posted at Friday, February 10th, 2017 at 8:00 AM | Reviews, Young Adult
I received this book for free from ALA in exchange for an honest review. This does not affect my opinion of the book or the content of my review.Caraval by Stephanie Garber
Series: Caraval #1
Published by Flatiron Books on January 31, 2017
Genres: Fantasy, Romance
Amazon • The Book Depository • Audible
Whatever you've heard about Caraval, it doesn't compare to the reality. It's more than just a game or a performance. It's the closest you'll ever find to magic in this world . . .
Welcome, welcome to Caraval―Stephanie Garber’s sweeping tale of two sisters who escape their ruthless father when they enter the dangerous intrigue of a legendary game.
Scarlett has never left the tiny island where she and her beloved sister, Tella, live with their powerful, and cruel, father. Now Scarlett’s father has arranged a marriage for her, and Scarlett thinks her dreams of seeing Caraval, the far-away, once-a-year performance where the audience participates in the show, are over.
But this year, Scarlett’s long-dreamt of invitation finally arrives. With the help of a mysterious sailor, Tella whisks Scarlett away to the show. Only, as soon as they arrive, Tella is kidnapped by Caraval’s mastermind organizer, Legend. It turns out that this season’s Caraval revolves around Tella, and whoever finds her first is the winner.
Scarlett has been told that everything that happens during Caraval is only an elaborate performance. But she nevertheless becomes enmeshed in a game of love, heartbreak, and magic with the other players in the game. And whether Caraval is real or not, she must find Tella before the five nights of the game are over, a dangerous domino effect of consequences is set off, and her sister disappears forever.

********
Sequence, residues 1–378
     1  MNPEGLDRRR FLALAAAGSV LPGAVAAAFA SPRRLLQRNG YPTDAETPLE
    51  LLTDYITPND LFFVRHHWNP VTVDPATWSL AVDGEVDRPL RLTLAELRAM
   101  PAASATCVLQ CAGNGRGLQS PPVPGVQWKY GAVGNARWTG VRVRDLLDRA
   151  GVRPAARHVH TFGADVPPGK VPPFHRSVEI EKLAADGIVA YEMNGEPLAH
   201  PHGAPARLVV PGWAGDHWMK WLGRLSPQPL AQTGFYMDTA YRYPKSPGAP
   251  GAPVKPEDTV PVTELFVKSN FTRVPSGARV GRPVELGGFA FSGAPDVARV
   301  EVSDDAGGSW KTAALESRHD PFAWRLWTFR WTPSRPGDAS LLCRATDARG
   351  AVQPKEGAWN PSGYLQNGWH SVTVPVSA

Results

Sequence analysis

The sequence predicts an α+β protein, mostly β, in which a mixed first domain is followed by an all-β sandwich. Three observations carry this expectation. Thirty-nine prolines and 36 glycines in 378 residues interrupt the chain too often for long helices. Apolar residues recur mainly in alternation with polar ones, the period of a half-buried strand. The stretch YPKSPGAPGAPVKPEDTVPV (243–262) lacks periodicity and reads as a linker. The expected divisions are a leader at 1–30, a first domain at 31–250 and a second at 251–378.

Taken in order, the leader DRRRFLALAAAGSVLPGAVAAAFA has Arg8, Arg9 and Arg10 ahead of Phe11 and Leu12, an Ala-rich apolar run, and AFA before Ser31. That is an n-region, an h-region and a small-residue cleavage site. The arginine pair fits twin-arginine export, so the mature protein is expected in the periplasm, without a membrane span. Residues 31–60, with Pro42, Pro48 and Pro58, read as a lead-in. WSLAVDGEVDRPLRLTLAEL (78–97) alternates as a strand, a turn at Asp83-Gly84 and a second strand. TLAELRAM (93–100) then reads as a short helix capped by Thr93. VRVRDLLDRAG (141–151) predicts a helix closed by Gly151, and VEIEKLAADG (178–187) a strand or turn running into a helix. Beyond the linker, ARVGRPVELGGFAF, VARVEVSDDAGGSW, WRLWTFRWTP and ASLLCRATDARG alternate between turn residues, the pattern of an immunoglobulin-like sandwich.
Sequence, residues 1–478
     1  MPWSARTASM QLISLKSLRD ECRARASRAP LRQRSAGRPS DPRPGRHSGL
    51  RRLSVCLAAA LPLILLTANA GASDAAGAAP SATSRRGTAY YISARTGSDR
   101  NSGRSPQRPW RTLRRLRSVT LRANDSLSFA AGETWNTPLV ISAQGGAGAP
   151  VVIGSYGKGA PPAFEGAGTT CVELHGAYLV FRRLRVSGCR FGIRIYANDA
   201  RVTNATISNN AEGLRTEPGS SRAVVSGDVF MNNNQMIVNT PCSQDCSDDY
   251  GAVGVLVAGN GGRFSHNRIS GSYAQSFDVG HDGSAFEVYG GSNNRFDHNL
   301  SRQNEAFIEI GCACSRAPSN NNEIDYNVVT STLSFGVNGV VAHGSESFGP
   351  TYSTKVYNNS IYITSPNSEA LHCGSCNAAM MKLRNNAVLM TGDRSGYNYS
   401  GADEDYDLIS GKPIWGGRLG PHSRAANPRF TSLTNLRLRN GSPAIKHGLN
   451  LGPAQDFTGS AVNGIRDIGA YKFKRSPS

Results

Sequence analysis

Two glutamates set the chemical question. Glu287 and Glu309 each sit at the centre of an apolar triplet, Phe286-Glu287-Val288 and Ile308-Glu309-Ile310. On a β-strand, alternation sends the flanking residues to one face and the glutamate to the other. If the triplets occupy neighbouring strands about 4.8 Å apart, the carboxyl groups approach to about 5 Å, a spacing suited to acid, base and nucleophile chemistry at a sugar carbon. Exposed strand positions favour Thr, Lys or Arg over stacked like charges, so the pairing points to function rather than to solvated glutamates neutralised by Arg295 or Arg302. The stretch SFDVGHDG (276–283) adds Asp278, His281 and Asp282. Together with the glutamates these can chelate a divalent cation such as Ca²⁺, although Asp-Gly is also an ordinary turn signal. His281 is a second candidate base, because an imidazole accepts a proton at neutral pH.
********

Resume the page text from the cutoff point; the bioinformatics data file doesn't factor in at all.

Apparently the time has come for me to be a black sheep again. Caraval has been massively hyped for months now, and a sea of high ratings has been coming in. This is one of those times where I end up feeling as if maybe I’ve read a different book than everyone else.
There were a few things I did like about Caraval. The setting’s cool, once Scarlett gets to Wonderland Caraval. The book shines most in the descriptions of the lurid, magical game/town/whatever Caraval actually is. I also enjoyed the system of payment, in secrets and lies and fears. That part was cool, and some of those elements were done in a really fantastic, creative way.
Otherwise, though, very little impressed me about Caraval. What’s the point of a magical setting if the heroine’s going to be the biggest drip, stick in the mud, who needs people to push her in the right direction throughout the entire game. Time after time, Scarlett forgets things she’s just been told, so she repeats them over and over, feeling clever for actually remembering, even though she literally just learned it. Several times someone told Scarlet something, and in the next paragraph she’d be like “Aha! I have figured it out!” because she has finally processed the thing someone straight out told her. Scarlett’s a shocking level of stupid. The only redeeming element is that literally everyone makes fun of her in the course of the novel.